The poetry of J. Slauerhoff
A romantic poet in modern times
J. Slauerhoff is one of the greatest Dutch poets of the twentieth century. He owes the unique position he occupies in Dutch literature to completely personal themes he carved out in equally personal poetry. Longing for the passionate love for a woman, struck by the tragedy of loneliness, the yearning to be elsewhere or somewhere in the past, the desire for the sea, the disenchantment with present-day life, the awareness of degeneration, all these themes mark him as a late Romantic poet.
On the other hand, the rawness and acrimony of his tone, as well as his split personality, make him a true exponent of his era. In the guise of consistently different characters, either historical or fictive, Slauerhoff aligns with the modernist tradition of Yeats, Pound, Eliot, and Pessoa.
Born and raised in Leeuwarden, capital of the province of Friesland, Slauerhoff studied medicine in Amsterdam. He made his debut in 1923 with the collection Archipel *(Archipelago*), in which almost all the elements present in his later work can already be found. After completing his study, he became a ship’s doctor on Dutch vessels sailing to East Asia. His poor health was repeatedly the cause of broken employment contracts. Accordingly, he led an itinerant life. ‘Nowhere but in my poems can I dwell,/ Nowhere else could I a shelter find’ are the first lines of one of his most renowned poems (‘Homeless’), which can be regarded as characteristic of his life and work.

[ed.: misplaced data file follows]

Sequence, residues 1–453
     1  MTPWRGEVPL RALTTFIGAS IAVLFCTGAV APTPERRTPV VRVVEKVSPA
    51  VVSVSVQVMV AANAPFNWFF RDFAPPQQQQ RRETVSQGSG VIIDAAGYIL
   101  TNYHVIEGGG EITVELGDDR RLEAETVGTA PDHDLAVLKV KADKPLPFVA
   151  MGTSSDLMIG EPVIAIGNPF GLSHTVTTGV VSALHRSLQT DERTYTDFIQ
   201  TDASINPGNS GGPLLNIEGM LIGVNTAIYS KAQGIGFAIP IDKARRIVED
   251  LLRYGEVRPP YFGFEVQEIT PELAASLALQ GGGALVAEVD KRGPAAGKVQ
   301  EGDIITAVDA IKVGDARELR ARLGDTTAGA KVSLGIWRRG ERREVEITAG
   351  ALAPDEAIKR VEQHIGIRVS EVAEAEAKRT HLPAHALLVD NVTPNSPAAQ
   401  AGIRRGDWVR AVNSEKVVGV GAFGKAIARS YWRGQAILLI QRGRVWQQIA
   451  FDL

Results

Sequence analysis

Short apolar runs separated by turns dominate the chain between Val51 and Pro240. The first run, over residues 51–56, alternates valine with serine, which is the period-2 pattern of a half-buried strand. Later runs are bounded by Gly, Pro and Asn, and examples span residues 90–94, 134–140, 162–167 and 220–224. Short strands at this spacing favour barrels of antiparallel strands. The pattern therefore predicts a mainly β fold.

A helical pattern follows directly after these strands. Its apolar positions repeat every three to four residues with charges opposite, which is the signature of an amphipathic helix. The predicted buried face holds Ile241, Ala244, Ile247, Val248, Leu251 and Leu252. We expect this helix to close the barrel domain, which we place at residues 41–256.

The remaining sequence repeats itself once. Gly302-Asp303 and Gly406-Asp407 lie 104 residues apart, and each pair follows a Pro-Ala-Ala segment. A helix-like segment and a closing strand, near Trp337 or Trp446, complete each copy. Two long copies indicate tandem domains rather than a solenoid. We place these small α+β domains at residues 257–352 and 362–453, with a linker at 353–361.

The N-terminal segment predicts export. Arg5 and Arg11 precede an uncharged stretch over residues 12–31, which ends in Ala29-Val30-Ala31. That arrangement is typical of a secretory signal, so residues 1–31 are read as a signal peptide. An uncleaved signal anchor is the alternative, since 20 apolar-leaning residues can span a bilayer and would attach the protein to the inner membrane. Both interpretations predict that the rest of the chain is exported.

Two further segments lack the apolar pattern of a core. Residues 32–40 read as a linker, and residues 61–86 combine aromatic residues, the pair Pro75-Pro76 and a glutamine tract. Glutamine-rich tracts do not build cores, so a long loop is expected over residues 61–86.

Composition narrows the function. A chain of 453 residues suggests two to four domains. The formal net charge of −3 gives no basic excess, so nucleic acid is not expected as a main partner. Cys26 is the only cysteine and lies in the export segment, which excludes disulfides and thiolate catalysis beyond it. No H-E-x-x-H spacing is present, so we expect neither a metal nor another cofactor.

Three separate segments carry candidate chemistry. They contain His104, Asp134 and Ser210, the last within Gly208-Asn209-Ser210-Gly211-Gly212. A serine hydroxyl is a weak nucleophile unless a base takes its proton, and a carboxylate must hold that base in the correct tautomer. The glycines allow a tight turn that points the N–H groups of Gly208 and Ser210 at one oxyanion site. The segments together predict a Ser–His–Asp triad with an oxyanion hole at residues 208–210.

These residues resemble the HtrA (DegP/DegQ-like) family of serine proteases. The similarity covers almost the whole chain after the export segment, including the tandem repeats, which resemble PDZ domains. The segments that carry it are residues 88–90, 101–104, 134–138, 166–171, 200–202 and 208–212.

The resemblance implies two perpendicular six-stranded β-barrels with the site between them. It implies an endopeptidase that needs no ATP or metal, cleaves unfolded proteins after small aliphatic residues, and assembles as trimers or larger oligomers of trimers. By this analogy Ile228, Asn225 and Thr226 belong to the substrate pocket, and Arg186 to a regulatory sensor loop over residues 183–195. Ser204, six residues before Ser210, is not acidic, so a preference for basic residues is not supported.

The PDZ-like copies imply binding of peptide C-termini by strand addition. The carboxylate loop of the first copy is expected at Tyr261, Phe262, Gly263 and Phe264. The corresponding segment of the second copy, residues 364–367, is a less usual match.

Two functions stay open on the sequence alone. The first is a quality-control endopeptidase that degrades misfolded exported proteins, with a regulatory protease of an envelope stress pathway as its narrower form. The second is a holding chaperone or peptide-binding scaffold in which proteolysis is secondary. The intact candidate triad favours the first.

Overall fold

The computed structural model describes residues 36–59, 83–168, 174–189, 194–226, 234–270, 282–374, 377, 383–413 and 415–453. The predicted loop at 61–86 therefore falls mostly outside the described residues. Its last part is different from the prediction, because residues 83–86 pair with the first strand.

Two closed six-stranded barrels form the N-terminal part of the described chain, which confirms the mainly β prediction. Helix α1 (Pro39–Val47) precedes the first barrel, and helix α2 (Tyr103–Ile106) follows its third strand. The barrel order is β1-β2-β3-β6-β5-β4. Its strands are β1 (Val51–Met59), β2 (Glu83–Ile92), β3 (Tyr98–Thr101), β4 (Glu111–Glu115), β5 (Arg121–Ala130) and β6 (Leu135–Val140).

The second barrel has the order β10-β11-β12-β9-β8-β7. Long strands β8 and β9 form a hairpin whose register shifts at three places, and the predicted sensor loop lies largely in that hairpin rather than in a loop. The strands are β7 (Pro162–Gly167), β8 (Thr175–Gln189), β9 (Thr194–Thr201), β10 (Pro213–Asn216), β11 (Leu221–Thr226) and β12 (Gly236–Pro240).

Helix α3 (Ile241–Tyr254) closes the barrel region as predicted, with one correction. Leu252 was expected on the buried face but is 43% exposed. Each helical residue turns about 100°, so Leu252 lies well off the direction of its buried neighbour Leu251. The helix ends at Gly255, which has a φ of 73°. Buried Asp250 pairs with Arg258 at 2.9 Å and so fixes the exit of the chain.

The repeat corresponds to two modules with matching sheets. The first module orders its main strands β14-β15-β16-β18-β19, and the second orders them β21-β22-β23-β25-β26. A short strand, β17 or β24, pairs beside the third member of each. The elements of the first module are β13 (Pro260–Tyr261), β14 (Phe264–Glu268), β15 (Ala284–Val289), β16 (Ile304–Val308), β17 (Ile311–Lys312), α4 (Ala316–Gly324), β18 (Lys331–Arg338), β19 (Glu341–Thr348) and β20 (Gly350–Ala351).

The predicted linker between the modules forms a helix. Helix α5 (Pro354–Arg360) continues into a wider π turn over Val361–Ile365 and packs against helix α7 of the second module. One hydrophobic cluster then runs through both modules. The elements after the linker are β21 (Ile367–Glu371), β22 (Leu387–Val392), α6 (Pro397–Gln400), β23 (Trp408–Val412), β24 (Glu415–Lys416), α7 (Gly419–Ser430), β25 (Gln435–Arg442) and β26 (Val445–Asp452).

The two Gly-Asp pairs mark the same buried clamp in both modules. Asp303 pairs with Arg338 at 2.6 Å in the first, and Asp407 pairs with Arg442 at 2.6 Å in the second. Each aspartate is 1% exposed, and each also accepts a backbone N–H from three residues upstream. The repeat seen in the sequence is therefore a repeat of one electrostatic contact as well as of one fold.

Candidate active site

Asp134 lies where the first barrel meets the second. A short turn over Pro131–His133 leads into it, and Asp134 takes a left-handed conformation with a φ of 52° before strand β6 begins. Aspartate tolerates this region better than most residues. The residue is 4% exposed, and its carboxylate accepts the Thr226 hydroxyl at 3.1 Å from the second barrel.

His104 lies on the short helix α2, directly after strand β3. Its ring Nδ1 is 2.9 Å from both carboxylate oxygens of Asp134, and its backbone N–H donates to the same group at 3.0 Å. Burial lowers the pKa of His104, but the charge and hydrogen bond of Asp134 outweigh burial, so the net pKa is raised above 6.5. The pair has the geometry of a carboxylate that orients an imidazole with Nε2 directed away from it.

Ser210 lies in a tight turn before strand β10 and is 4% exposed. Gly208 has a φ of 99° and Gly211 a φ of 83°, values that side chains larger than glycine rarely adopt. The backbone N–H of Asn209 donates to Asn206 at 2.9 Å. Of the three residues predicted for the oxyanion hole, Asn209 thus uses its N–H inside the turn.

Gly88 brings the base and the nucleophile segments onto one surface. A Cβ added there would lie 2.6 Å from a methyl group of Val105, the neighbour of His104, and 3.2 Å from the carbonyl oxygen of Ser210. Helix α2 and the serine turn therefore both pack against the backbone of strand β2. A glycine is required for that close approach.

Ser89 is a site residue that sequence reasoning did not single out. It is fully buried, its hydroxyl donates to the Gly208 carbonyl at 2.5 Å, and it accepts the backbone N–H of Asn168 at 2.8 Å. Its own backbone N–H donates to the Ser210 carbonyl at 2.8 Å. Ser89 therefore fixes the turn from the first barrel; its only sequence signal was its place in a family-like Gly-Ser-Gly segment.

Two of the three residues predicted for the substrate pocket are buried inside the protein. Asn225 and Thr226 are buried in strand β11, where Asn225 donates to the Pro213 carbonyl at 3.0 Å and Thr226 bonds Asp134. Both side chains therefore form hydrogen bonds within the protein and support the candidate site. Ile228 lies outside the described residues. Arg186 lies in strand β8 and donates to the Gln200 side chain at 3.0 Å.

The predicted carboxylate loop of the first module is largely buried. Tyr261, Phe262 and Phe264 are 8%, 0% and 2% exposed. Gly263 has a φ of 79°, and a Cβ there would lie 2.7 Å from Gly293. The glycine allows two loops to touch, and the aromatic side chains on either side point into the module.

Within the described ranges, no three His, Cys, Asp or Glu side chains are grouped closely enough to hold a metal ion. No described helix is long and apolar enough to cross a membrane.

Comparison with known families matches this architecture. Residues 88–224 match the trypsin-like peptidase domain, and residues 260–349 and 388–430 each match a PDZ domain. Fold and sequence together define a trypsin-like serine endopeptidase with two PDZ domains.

His work also displays a certain restlessness, which he not only depicts in the content of the work but also substantiates in the form of his poetry. His verses are often ‘unfinished’. Unlike most of his contemporaries Slauerhoff adhered to classical verse forms, but his verse structure is often irregular. A deliberate cynicism or grotesque imagery contributes to the coarse nature of his poetry, in which a vulnerable sensitivity shines through the thin membrane of the verse.
Slauerhoff, who is referred to as the only poète maudit in Dutch literature, was influenced by French poets (Rimbaud, Verlaine, Corbière), the Czech/German Rilke, and several Chinese poets (Bai Juyi, Li Po), whose work he translated.
Besides poems, J. Slauerhoff (1898-1936) also wrote stories, novels, and a play. In addition, he published travelogues and reviews. Ten collections of his work were published during his comparatively short life. The last, Een eerlijk zeemansgraf (An Honourable Seaman’s Grave) appeared shortly before his death after a long illness, in a private clinic in The Netherlands. Despite his ‘violations’ of verse technique, Slauerhoff was regarded by his contemporaries as a genuine poet with a completely distinctive voice. Nowadays he is one of the few poets from the previous century whose work is still widely sold.